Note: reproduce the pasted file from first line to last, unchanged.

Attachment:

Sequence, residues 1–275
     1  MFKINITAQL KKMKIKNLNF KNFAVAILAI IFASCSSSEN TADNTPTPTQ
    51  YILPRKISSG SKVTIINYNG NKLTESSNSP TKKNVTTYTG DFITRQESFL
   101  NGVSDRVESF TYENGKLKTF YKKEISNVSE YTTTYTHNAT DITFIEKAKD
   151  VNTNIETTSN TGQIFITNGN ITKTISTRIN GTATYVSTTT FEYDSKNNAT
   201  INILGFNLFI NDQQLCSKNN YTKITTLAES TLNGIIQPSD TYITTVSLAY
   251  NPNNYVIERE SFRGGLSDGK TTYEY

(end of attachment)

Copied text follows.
Sequence, residues 1–275
     1  MFKINITAQL KKMKIKNLNF KNFAVAILAI IFASCSSSEN TADNTPTPTQ
    51  YILPRKISSG SKVTIINYNG NKLTESSNSP TKKNVTTYTG DFITRQESFL
   101  NGVSDRVESF TYENGKLKTF YKKEISNVSE YTTTYTHNAT DITFIEKAKD
   151  VNTNIETTSN TGQIFITNGN ITKTISTRIN GTATYVSTTT FEYDSKNNAT
   201  INILGFNLFI NDQQLCSKNN YTKITTLAES TLNGIIQPSD TYITTVSLAY
   251  NPNNYVIERE SFRGGLSDGK TTYEY